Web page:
What happened to defending air travellers?

What wasn’t in the Throne Speech

Whatever seemed to be suggested ahead of Parliament’s return, not one of the 147 bullet points in Wednesday’s Throne Speech referenced the plight of air travellers and so yesterday, the NDP’s Annick Papillon asked the government to explain exactly what it was planning to do to help air travellers. In response, Transport Minister Lisa Raitt suggested Ms. Papillon was speculating.

Mr. Speaker, I do not know what information the member opposite has, but as we have always said, one should never speculate what will be in the Speech from the Throne. Indeed, one waits for the speech and reads it at that point in time. What I can tell the House is this. We have great connections with both airlines and airports, and I do hear from consumers across the country. We have constructive dialogues on all of these issues. At the end of the day, the consumer can turn to the Canadian Transportation Agency with individual complaints regarding the airlines.

You might forgive Ms. Papillon if she was expecting to hear something in the Throne Speech. Possibly she was just listening to the Industry Minister and assumed that he was talking about the Throne Speech.

Here is what James Moore told CTV in an interview that aired on Sunday.

FIFE: What about the airlines? Are we going to be looking, we’re hearing some talk about perhaps an airline bill of rights to deal with some of the very frustrations that travellers have in dealing with airlines, being bumped, for example.

MOORE: Yeah. You know, when we put together a list of things that frustrate consumers on which the government can take action, the list gets long very quickly. Some of these things, of course, are taken care of in the free market. I’m a free marketer, free enterprise guy. But in other circumstances they can’t be and responsible government action is needed. With regard to air passengers, you know, I think people find it incredibly frustrating when they go to board a flight, a plane that has 165 seats, and an airline chooses to sell 175 seats in order to cover their margins in case people don’t show up. And people who have paid for their ticket show up at the gate, go through security, arrive on time, and they find that their ticket has been sold twice and that somebody else is occupying their chair and they have to get rebooked, sometimes missing a wedding, missing a funeral, and having their business life interrupted. That’s not fair to consumers, it’s not fair to travelers and we are looking to take action on that front as well.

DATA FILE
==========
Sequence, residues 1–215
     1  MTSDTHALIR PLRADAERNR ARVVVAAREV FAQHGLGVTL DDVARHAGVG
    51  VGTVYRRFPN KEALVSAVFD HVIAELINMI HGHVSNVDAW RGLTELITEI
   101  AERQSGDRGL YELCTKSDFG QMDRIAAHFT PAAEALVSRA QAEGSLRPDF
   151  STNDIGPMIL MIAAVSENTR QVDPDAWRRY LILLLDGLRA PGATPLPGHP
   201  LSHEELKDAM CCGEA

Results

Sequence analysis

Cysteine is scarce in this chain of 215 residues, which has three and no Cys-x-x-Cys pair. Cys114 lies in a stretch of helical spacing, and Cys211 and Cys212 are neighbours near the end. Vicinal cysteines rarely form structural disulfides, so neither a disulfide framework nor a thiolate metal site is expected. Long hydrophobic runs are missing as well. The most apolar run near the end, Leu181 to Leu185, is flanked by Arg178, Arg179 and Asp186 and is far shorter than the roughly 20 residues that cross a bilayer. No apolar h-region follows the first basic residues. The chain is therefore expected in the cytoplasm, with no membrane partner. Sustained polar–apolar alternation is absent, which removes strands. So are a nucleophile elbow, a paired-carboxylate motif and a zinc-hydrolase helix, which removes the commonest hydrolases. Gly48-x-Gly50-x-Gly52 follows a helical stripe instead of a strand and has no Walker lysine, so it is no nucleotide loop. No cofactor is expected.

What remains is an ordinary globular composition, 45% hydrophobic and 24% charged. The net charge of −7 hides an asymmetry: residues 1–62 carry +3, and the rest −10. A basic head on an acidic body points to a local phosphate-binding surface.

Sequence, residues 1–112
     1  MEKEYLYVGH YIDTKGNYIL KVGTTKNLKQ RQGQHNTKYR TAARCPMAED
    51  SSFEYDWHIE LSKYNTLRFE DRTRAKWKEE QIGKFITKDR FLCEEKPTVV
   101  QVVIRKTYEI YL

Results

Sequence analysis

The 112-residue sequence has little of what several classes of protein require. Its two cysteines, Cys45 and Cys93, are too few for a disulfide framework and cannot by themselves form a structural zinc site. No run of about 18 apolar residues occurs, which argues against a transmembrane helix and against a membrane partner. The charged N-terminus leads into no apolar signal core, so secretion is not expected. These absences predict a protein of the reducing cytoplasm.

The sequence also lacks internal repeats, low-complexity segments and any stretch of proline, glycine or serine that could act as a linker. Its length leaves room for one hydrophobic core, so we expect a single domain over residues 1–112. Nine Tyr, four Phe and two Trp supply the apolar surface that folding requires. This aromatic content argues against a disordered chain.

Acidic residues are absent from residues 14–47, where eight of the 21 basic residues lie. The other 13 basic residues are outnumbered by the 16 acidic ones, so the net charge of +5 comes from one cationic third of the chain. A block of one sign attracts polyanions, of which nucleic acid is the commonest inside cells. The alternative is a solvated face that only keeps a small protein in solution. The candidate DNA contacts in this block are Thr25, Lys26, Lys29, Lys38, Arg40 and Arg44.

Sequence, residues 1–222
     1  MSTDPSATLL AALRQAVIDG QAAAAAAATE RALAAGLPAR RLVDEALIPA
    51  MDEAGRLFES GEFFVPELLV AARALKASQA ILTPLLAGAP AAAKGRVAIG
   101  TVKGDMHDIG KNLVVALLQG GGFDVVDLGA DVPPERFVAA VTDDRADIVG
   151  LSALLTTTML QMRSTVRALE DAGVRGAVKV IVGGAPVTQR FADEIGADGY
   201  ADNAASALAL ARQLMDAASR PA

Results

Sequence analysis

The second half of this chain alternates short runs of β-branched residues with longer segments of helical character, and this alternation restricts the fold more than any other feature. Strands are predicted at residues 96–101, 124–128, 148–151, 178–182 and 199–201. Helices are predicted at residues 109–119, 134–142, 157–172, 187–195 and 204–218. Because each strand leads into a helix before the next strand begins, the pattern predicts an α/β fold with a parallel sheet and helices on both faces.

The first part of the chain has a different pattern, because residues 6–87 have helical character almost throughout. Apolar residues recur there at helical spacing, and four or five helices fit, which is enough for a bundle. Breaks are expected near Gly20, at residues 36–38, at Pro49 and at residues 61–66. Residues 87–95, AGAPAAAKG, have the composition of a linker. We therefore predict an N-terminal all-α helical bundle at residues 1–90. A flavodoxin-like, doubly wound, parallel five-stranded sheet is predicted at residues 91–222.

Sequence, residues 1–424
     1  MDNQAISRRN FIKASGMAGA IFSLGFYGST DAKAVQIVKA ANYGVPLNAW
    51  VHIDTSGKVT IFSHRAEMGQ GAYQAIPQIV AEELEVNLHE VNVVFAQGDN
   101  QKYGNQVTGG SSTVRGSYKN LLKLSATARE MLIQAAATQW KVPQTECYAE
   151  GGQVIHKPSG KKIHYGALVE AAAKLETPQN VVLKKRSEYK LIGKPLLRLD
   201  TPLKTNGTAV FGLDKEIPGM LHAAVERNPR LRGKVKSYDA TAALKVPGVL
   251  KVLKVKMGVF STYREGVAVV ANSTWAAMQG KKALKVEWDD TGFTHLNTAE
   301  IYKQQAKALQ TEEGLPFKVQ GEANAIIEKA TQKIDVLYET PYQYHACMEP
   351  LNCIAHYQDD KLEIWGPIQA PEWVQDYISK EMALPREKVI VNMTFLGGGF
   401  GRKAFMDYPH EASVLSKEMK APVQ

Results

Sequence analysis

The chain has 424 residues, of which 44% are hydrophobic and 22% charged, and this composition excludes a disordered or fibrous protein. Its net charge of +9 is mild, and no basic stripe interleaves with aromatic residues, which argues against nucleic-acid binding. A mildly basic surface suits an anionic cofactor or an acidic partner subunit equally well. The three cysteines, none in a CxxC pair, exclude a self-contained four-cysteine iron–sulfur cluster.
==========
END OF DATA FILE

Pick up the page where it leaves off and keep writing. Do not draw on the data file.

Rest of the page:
And here is what Mr. Moore told Global in an interview that aired the same day.

Tom Clark: You know a lot of other things have been talked about as well under this general umbrella of consumerism, an airline passenger’s bill of rights for example and lowering those credit card costs. Are we going to see any of that?

James Moore: Yeah you know credit card fees for small business, in particular those who operate along the border, those in rural communities, small-medium size businesses they’re getting hit pretty hard with credit card fees. Jim Flaherty is looking at options for us to move forward to protect small business. But for sure…and on air passengers. Look you know I don’t think there’s anything more frustrating than when somebody gets up at 6 o’clock in the morning, drives to the airport, parks their car, pays the fees, goes through the gauntlet of security, goes to the gate, gets there and the airline has sold 175 tickets for 165 seat plane and people get bumped to a flight a few hours later or the next day and they miss a wedding or they miss a funeral, or they miss a job opportunity. That can’t happen anymore and we’re going to move to protect consumers.

And here is what Mr. Moore told the CBC.

“I’m a free enterprise, free market guy. But, when airlines are selling 175 seats on a 165-seat plane and 10 people show up and they’re turned away for a ticket that they paid for, for a seat that they paid for — they played by the rules and airlines just treat consumers that way. I think people get frustrated and they expect action, and we plan to act,” he said.

After the Throne Speech, Mr. Moore told iPolitics that this matter of overbooking was never meant to be included in the Throne Speech. But does Ms. Raitt share Mr. Moore’s concerns and is the government still interested in acting on this front? According to Ms. Raitt’s office, Ms. Raitt “has heard from her constituents, and shares their concern.” and “the Government will be looking to take action on a number of consumer protection measures.”

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